AN ATTEMPT will be made next week to rally political opposition to an elected mayor in Sheffield.
Councillors of all parties will be asked to line up behind a ‘no’ vote at a referendum to be held at the same time as the local elections, on May 3.
So far none of the major parties in Sheffield have shown any enthusiasm for switching from the existing local system that concentrates power in the hands of a council leader and cabinet and they believe there has been little public appetite for change, either.
But some local political leaders fear that the question to be posed could tip any balance. It will ask how voters would like the council to be run. By a leader who is an elected councillor chosen by a vote of the other elected councillors, as it is now, or by a mayor who is elected by voters.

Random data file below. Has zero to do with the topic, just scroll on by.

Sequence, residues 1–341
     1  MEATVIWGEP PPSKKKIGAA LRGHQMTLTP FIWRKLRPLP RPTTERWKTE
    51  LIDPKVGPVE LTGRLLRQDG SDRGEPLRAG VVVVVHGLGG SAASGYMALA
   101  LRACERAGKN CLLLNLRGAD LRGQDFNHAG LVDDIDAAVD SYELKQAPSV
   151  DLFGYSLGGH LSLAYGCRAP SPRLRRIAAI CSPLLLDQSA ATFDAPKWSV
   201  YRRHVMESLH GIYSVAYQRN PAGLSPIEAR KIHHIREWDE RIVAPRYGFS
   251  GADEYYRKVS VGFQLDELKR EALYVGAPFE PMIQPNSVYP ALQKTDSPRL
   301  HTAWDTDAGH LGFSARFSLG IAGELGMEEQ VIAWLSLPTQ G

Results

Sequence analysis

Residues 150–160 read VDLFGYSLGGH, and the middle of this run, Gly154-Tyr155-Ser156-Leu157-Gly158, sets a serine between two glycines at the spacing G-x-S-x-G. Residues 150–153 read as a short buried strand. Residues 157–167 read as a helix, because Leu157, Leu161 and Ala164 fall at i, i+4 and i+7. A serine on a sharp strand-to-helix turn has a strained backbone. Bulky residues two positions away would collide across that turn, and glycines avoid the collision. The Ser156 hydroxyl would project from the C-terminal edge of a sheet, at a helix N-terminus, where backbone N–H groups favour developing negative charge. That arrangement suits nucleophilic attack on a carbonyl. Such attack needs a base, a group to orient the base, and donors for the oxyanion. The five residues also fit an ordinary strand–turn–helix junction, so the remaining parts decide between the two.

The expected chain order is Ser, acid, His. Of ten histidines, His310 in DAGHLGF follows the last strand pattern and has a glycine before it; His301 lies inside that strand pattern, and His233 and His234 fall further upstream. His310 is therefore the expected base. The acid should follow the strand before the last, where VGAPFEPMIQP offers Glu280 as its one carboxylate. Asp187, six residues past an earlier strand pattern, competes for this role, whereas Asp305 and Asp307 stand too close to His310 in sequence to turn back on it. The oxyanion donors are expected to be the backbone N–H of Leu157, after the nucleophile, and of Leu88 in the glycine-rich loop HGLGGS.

In addition, the issue could be decided on the traditonally low turnout in local elections.
At present, there are 16 directly elected mayors in the UK, most notably Boris Johnson in London, and supporters say a high-profile political leader with strong powers generates interest in local decision making and heightens accountability.
It can also be seen as an opportunity for Sheffield to freshen its image on the national stage.
Already the city has a mayor, chosen by the council and restricted to ceremonial responsibilities.
Veteran Sheffield Labour councillor Joan Barton is aiming to argue the case for no change when the full council meets on Wednesday, seeking formal cross-party support.
Her notice of motion says the city already has strong civil and political leadership and points to “significant costs” where authorities have directly-elected mayors, and the example of Doncaster where there was “gridlock” between the mayor and the council in deciding budgets.
Coun Barton says that the mayoral system leads to a greater chance of local views being ignored becsuae Sheffielders can vote for councillors three out of every four years, but mayors “can do whatever they want for the next four years”.
lThe union, Unison, is campaigning for a ‘no’ vote on May 3.